7 Books That Helped Me Survive 2018

This is the first year I’ve failed to meet my reading goal.

Every year of my life since I can remember, I’ve read at least one hundred books. This year, I’ve managed half of that. I can blame part of that on writing, and I can blame part of it on edits, critiques, and the abject hell that is moving—but if I’m honest, it’s just been a hard year. It’s been a hard year for everyone I know; the world is a hard place to be right now, and the small personal struggles we all face feel unbearably magnified. For so many of us, 2018 has been a year of loss and grief: we’ve lost jobs, pets, friendships, relationships, health, family members, children, and a good measure of hope.

It’s been a hard year, and I haven’t been reading as much as I usually do. When I have been reading, I’ve been gravitating toward books that are kind to their audience, that treat the reader like a partner rather than an adversary.

Here are some of the books that helped me to navigate this impossible year:


The Only Harmless Great Thing by Brooke Bolander
Elephants, radiation, injustice, rage.

In the early years of the 20th century, a group of female factory workers in Newark, New Jersey slowly died of radiation poisoning. Around the same time, an Indian elephant was deliberately put to death by electricity in Coney Island.

These are the facts.

Now these two tragedies are intertwined in a dark alternate history of rage, radioactivity, and injustice crying out to be righted. Prepare yourself for a wrenching journey that crosses eras, chronicling histories of cruelty both grand and petty in search of meaning and justice.

This novelette is gorgeous, heartbreaking, and completely overwhelming. I read it on a train on my way to the airport, on my way to fly home from a speaking engagement at a college near my hometown. For the duration of that train ride, this book completely absorbed me. The trip to my hometown and the event at the college left me all crumpled up; the prose in The Only Harmless Great Thing left me wrung out, line-dried, and pressed smooth. After I finished reading it, I thought in poems for the rest of the day. I haven’t stopped thinking about it since, and I don’t intend to.


Fortitude Smashed by Taylor Brooke
Love, lust, fate, vulnerability.

After scientists stumbled across an anomalous human hormone present during moments of emotional intimacy, further research created the ability to harness the direction of living energy and pinpoint when two lines will merge. Personalized chips are now implanted beneath the thumbnails of every infant, where glowing numbers count down to the moment they will meet their soul mate.

Fate is now a calculation.

But loving someone isn’t.

When Shannon Wurther, the youngest detective in Southern California, finds himself face-to-face with Aiden Maar, the reckless art thief Shannon’s precinct has been chasing for months, they are both stunned. Their Camellia Clocks have timed out, and the men are left with a choice—love one another or defy fate.

Very shortly after I heard about Fortitude Smashed, I got into a car accident. I read this book with a heat pack on my neck, between the kinds of phone calls you make in the week or two that follow a wreck. I used chapters of this book as incentives to make myself deal with those logistics, and it worked: Fortitude Smashed is so good that it made calling my insurance company seem worthwhile. The premise is sweet, and the story itself is even sweeter. I love books about people who are trying their best, and about people who want more than anything to understand each other, and about people who are growing the entire time you know them. Brooke delivers all of that here, and it’s perfectly lovely.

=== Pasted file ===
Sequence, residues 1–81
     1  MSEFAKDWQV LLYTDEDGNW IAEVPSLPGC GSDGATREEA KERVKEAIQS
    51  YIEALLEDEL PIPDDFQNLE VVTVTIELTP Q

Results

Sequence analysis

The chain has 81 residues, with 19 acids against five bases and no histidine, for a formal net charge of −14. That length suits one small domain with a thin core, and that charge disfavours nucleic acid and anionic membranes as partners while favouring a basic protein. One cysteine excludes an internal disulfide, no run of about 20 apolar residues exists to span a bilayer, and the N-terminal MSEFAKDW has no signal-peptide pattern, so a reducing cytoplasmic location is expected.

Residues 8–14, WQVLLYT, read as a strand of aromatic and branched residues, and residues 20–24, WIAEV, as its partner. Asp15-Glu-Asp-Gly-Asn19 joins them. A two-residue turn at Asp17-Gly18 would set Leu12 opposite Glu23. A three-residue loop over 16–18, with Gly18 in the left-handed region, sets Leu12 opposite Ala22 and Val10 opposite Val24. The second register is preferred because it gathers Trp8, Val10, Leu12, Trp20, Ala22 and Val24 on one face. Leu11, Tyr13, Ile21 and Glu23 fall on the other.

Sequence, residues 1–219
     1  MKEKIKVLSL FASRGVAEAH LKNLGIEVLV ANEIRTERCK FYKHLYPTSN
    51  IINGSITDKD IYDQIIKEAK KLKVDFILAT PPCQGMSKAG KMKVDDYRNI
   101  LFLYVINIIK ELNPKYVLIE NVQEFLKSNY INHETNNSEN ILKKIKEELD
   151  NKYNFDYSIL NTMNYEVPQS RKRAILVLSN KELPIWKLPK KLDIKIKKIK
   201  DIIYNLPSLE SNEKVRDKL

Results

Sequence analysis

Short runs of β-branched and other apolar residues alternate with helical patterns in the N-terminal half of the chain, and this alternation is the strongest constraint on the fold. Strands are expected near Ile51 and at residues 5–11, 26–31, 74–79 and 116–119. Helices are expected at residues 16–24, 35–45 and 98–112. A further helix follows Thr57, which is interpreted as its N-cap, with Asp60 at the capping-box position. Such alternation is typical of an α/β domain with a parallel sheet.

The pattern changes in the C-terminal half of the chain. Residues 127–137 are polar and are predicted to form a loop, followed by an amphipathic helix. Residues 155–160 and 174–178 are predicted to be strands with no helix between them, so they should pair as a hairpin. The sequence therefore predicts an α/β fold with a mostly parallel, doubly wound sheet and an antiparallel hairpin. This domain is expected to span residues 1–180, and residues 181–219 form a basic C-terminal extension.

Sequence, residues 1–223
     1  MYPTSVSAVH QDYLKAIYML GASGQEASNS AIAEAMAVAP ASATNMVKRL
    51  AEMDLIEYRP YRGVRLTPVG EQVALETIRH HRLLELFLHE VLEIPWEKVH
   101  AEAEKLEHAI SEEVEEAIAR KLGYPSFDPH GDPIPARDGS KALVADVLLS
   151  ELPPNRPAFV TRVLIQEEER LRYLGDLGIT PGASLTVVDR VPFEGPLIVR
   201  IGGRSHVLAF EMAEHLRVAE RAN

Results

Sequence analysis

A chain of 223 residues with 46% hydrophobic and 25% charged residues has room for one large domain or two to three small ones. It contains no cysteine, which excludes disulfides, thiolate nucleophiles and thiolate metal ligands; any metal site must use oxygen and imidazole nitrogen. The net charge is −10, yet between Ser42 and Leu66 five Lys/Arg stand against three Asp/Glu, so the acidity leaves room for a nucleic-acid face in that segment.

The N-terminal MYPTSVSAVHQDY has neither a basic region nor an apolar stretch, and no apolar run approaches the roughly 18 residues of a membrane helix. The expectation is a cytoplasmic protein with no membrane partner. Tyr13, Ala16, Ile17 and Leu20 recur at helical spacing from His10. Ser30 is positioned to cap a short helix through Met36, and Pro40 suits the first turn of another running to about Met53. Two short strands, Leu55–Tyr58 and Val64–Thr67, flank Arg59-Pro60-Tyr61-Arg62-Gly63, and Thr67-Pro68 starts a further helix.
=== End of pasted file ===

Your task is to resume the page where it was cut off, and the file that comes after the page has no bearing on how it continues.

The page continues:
Anger Is A Gift by Mark Oshiro
Grief, tenacity, courage, community.

Six years ago, Moss Jefferies’ father was murdered by an Oakland police officer. Along with losing a parent, the media’s vilification of his father and lack of accountability has left Moss with near crippling panic attacks.

Now, in his sophomore year of high school, Moss and his fellow classmates find themselves increasingly treated like criminals by their own school. New rules. Random locker searches. Constant intimidation and Oakland Police Department stationed in their halls. Despite their youth, the students decide to organize and push back against the administration.

When tensions hit a fever pitch and tragedy strikes, Moss must face a difficult choice: give in to fear and hate or realize that anger can actually be a gift.

I read this book in the middle of three weeks of travel: Pennsylvania, New York, Utah, Montana. I was exhausted and gripped by the kind of anxiety that comes from seeing too many people all in a row. That whole time, I hadn’t been able to read or write at all, and I was afraid that I’d forgotten how to do it. Then I read Anger is a Gift, and I remembered how to sink into a story. I remembered why I love to read. I cried on the plane from New York to Utah, immersed in the deep generational grief of Oshiro’s characters. This is a book that welcomes anger and sorrow and hope, all at once, and that doesn’t draw any divisions between which one of those emotions a person is allowed to feel.


We Have Always Lived In The Castle by Shirley Jackson
Anxiety, restlessness, defensiveness, exile.

Merricat Blackwood lives on the family estate with her sister Constance and her Uncle Julian. Not long ago there were seven Blackwoods—until a fatal dose of arsenic found its way into the sugar bowl one terrible night. Acquitted of the murders, Constance has returned home, where Merricat protects her from the curiosity and hostility of the villagers. Their days pass in happy isolation until cousin Charles appears. Only Merricat can see the danger, and she must act swiftly to keep Constance from his grasp.